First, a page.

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Fruit & Nut Research and Information Center
Fruit & Nut Research and Information Center
Fruit & Nut Research and Information Center
University of California
Fruit & Nut Research and Information Center

About Chilling Units & Hours

Weather-Related Models > Chilling Accumulation Models

Stone and pome fruit trees rely on enough chilling for flowers and leaf buds to develop normally. If the buds do not receive sufficient chilling temperatures during winter to completely release dormancy, trees may develop physiological symptoms such as delayed and extended bloom, delayed foliation, reduced fruit set and reduced fruit quality.  Growers and industry traditionally keep track of chilling hours beginning in November to get a sense of the orchard management practices needed and comparison of past year's weather and crop load. The approximate number of hours/units/portions needed for normal development varies depending on variety and species. For more information contact local nurseries or farm advisors.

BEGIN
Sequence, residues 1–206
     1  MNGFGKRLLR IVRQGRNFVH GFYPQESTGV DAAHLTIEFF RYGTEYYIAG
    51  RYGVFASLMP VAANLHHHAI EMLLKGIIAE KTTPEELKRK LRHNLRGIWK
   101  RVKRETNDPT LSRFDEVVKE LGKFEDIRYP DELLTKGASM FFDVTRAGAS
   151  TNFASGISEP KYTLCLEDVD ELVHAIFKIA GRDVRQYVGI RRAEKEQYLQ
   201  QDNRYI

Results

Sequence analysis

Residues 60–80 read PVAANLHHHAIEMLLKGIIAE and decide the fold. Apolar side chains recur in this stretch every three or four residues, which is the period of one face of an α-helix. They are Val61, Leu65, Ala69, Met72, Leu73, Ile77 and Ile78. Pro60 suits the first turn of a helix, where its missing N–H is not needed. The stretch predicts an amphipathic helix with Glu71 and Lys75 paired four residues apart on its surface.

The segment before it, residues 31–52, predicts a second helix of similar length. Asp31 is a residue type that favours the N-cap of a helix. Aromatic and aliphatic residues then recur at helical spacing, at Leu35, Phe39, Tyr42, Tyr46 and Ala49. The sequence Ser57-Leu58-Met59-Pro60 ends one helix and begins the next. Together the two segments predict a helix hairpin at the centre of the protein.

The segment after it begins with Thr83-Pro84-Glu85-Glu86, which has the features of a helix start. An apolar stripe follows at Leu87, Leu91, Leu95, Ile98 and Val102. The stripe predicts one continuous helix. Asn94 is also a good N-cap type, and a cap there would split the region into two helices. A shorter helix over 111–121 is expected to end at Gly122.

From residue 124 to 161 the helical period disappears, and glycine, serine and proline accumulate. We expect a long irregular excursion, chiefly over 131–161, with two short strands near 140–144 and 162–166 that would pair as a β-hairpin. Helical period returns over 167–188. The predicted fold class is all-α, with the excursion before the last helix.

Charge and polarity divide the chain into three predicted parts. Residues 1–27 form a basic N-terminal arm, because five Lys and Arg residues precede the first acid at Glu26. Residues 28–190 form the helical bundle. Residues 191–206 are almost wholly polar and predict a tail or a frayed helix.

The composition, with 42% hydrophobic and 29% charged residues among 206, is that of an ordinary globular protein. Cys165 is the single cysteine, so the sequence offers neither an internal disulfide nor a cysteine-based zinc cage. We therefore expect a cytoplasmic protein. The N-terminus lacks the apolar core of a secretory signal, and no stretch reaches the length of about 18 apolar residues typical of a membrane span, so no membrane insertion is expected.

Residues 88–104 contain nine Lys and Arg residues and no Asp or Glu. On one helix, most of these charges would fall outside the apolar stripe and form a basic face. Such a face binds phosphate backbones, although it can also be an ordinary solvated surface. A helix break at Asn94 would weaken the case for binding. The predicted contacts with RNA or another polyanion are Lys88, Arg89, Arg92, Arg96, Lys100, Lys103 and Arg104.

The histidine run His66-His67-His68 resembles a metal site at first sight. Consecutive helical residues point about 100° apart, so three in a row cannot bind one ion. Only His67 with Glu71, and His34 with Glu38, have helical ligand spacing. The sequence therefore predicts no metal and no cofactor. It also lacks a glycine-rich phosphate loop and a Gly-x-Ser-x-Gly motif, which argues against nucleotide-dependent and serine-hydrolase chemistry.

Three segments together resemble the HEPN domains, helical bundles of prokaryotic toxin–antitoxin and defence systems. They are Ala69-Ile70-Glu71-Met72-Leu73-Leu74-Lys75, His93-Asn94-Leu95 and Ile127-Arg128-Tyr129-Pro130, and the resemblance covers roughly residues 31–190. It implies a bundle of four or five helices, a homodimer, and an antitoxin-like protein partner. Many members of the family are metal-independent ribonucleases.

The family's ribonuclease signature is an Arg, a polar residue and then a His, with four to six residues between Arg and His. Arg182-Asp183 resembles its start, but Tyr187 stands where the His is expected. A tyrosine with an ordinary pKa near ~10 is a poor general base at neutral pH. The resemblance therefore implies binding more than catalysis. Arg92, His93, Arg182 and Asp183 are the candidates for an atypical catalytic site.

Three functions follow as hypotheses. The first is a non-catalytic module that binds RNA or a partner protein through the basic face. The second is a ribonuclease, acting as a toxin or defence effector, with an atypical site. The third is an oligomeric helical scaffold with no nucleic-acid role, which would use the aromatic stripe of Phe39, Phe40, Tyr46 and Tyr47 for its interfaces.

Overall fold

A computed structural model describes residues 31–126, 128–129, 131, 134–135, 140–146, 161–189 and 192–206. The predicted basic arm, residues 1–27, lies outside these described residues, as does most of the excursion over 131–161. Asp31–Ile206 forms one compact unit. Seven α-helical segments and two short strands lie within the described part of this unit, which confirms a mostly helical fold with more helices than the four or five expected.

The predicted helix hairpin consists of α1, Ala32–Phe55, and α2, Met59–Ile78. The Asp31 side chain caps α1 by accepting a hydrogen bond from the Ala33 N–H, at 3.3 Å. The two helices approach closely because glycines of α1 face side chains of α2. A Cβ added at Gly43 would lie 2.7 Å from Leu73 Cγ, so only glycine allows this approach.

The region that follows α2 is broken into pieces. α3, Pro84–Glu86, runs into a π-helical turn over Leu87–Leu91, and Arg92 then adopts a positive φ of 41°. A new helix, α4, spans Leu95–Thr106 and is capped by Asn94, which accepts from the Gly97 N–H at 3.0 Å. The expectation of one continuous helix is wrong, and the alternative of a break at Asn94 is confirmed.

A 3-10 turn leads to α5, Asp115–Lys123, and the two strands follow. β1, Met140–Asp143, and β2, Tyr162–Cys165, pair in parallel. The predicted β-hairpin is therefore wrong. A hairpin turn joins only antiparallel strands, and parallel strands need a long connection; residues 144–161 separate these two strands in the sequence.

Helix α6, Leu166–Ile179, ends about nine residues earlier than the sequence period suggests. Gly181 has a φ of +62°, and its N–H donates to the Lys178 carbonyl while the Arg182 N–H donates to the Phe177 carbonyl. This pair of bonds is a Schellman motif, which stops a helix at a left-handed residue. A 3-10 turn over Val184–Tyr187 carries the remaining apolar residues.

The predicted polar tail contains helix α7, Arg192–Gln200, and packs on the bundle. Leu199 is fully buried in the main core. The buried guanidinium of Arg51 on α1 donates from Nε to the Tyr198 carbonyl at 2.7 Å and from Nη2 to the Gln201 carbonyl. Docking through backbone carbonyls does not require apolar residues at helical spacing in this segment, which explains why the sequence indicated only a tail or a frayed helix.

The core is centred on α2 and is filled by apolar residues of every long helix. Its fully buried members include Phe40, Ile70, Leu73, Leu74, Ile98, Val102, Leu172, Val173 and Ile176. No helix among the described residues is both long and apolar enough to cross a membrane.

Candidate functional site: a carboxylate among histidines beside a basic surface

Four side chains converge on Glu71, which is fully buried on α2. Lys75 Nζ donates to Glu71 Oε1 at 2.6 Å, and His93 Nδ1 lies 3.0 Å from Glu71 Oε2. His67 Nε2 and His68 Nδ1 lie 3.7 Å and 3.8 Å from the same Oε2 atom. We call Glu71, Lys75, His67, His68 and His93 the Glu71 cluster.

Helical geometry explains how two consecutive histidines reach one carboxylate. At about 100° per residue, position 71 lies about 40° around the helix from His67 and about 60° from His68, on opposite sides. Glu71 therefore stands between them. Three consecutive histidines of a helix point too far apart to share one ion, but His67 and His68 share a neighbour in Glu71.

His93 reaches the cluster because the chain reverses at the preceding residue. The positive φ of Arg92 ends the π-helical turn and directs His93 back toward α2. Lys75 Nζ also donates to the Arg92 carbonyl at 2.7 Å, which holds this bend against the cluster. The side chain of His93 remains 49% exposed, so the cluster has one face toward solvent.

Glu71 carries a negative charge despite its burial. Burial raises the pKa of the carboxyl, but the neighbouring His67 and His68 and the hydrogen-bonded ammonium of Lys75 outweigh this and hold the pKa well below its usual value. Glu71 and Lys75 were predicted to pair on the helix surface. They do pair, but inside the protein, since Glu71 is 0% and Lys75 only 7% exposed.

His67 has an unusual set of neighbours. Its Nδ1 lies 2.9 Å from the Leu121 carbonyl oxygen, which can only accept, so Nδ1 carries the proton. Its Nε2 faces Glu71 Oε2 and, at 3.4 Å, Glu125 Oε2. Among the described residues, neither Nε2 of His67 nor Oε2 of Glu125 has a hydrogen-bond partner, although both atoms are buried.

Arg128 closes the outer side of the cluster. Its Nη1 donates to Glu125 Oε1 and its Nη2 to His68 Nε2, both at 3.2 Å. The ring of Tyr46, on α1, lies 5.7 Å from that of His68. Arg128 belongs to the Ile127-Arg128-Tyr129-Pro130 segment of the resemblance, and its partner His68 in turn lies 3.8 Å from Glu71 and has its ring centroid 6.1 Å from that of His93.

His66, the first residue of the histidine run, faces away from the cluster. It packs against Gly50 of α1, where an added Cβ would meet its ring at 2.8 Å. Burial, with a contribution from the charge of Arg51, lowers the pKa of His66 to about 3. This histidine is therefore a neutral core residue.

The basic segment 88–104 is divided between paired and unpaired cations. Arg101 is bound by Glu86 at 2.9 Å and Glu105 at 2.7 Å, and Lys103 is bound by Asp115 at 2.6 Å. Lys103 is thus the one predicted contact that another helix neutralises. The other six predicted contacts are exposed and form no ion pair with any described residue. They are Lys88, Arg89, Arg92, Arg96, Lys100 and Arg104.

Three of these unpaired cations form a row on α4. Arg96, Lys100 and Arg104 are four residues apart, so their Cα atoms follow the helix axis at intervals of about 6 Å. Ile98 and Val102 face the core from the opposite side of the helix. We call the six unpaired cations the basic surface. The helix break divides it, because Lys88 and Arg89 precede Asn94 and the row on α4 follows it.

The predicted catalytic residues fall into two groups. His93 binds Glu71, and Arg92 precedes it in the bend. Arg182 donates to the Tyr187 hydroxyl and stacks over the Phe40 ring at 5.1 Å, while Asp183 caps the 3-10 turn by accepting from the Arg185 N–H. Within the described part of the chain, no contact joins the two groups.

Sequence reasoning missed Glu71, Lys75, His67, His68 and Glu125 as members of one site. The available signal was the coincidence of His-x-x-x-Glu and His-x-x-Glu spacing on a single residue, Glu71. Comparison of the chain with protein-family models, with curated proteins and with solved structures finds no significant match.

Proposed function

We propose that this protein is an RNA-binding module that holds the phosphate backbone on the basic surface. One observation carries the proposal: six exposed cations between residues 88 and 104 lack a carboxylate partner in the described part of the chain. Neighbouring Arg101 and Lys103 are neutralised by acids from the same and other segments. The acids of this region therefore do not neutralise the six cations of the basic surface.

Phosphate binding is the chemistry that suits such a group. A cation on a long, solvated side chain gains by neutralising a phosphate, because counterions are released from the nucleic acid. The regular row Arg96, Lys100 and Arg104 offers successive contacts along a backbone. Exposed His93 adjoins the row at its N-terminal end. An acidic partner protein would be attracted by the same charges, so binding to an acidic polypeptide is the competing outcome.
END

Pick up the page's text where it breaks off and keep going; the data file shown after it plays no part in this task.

The publication Chilling Accumulation: Its Importance and Estimation (David H. Byrne and Terry Bacon, Dept. Of Horticultural Sciences, Texas A&M University) explains the different methods of accumulating chilling units.

The Byrne and Bacon explanation of calculations used by the Utah model: The Pomology Weather Services program calculations for the Utah model:

1 hour below 34°F = 0.0 chill unit

1 hour 35 - 36°F = 0.5 chill units

1 hour 37 - 48°F = 1.0 chill units

1 hour 49 - 54°F = 0.5 chill units

1 hour 55 - 60°F = 0.0 chill units

1 hour 61 - 65°F = -0.5 chill units

1 hour >65°F = -1.0 chill units

1 hour below 34°F = 0.0 chill unit

1 hour 34.01 - 36°F = 0.5 chill unit

1 hour 36.01 - 48°F = 1.0 chill unit

1 hour 48.01 - 54°F = 0.5 chill unit

1 hour 54.01 - 60°F = 0.0 chill unit

1 hour 60.01 - 65°F = -0.5 chill unit

1 hour >65.01°F = -1.0 chill unit

 

Dynamic Model - The ability to calculate chill portions using the dynamic model's calculation method became available in September 2006. The model is set to start each year on Sept 1, based on decisions made due to early chill some years, ongoing research interests, realities of programming, and figuring that inclusion is better than exclusion when it comes to data. The best use of the model for research purposes and for industry applications is a matter of change over time as we learn more about the subject and its applications. While this information is made available as a public service, I hope that all users will be aware that it is more a research tool at this point than policy written in stone with respect to recommended usage. - Kitren Glozer, September 2006

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